As parents, you want to make sure your children are taken care of, especially when it comes to making sure they get a good education. Raiding your retirement accounts to pay for college, however, could land you in a desperate situation when you want to retire.

“If you are retiring soon and are currently or will be helping your child or children with higher education expenses, rule No. 1 is don’t sacrifice retirement savings to pay for college,” said Joseph DePaulo, CEO of College Ave Student Loans. “Unlike college, there are no scholarships or unsecured loans designed to cover the entire cost of retirement.”

15. Don't Assume Everything Will Go Right

When deciding how much to save, it can be tempting to assume you’ll have the best-case scenarios so you don’t have to save as much. However, to make sure you’re covered no matter what happens, your plan needs to include contingencies.

“The best thing you can learn from most retirees is that your plans don’t always work out, and you need to make sure that your finances can accommodate for any unexpected twists and turns,” said Lindsay Sakraida, director of content marketing with DealNews.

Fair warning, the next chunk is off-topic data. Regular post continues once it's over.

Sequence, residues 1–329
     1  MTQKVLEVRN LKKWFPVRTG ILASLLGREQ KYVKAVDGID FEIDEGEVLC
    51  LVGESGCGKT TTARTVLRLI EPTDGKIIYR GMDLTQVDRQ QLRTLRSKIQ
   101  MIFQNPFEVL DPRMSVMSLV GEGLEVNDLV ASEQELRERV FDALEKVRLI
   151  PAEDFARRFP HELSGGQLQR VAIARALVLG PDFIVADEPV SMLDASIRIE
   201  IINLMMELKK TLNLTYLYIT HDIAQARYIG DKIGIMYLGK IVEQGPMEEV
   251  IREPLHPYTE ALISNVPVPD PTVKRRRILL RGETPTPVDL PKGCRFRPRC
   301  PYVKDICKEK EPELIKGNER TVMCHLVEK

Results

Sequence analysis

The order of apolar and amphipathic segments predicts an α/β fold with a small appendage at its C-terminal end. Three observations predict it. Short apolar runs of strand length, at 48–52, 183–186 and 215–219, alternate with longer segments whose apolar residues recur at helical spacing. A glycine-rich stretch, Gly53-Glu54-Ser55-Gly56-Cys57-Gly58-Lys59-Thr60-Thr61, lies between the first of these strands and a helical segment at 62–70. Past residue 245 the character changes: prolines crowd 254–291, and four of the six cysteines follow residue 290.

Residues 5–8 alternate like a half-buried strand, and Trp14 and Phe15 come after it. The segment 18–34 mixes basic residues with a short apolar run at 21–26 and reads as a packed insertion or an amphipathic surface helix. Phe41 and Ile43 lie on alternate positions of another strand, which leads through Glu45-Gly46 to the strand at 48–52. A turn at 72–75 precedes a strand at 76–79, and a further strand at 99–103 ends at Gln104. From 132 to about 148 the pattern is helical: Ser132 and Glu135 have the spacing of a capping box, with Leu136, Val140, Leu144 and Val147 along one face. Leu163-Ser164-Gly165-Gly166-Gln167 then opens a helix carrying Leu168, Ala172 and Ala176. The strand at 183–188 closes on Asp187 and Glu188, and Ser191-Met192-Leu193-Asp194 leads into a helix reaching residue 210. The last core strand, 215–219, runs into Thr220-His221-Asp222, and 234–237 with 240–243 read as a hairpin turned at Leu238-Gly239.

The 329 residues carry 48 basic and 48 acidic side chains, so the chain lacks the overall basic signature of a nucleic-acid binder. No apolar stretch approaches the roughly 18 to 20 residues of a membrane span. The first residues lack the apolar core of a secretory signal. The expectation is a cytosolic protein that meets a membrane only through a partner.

If you don’t have an emergency fund saved up, you can use a personal loan for emergencies, which has lower APRs than credit cards. Look for a loan with no origination fee — such as a PenFed personal loan — so you can access the full amount of your loan immediately at the lowest cost to you.

16. You Might Not Spend Less in Retirement

You might have heard the rule of thumb that you’re going to need about 70 percent of your pre-retirement income. It’s possible, however, that you could need more money because you have more free time, which could mean you might spend more. According to a Merrill Lynch study, people age 65 and older have about 7.5 hours of leisure time per day.

17. Talk to Your Children About Money

The temptation to help your children out financially isn’t limited to paying for college. It can be rent, spending money or other costs that your children become used to you paying for long after they’ve graduated — or should have graduated — and it can take a toll on your retirement savings.